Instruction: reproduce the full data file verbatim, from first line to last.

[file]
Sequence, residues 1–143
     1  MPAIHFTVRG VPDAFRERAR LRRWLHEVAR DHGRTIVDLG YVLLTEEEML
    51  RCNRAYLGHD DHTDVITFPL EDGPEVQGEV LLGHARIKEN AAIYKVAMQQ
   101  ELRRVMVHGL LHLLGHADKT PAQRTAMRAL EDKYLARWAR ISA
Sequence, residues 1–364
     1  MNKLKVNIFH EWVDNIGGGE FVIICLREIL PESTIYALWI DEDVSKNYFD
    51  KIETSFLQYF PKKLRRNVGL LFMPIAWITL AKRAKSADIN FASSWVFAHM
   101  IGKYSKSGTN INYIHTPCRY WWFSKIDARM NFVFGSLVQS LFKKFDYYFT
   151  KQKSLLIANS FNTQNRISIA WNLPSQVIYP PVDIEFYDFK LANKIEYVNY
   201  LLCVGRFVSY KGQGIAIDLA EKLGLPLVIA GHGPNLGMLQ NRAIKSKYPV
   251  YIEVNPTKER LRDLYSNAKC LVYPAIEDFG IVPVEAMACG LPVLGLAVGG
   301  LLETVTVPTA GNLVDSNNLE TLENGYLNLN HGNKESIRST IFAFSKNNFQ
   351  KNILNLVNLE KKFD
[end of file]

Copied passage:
Sequence, residues 1–143
     1  MPAIHFTVRG VPDAFRERAR LRRWLHEVAR DHGRTIVDLG YVLLTEEEML
    51  RCNRAYLGHD DHTDVITFPL EDGPEVQGEV LLGHARIKEN AAIYKVAMQQ
   101  ELRRVMVHGL LHLLGHADKT PAQRTAMRAL EDKYLARWAR ISA
Sequence, residues 1–364
     1  MNKLKVNIFH EWVDNIGGGE FVIICLREIL PESTIYALWI DEDVSKNYFD
    51  KIETSFLQYF PKKLRRNVGL LFMPIAWITL AKRAKSADIN FASSWVFAHM
   101  IGKYSKSGTN INYIHTPCRY WWFSKIDARM NFVFGSLVQS LFKKFDYYFT
   151  KQKSLLIANS FNTQNRISIA WNLPSQVIYP PVDIEFYDFK LANKIEYVNY
   201  LLCVGRFVSY KGQGIAIDLA EKLGLPLVIA GHGPNLGMLQ NRAIKSKYPV
   251  YIEVNPTKER LRDLYSNAKC LVYPAIEDFG IVPVEAMACG LPVLGLAVGG
   301  LLETVTVPTA GNLVDSNNLE TLENGYLNLN HGNKESIRST IFAFSKNNFQ
   351  KNILNLVNLE KKFD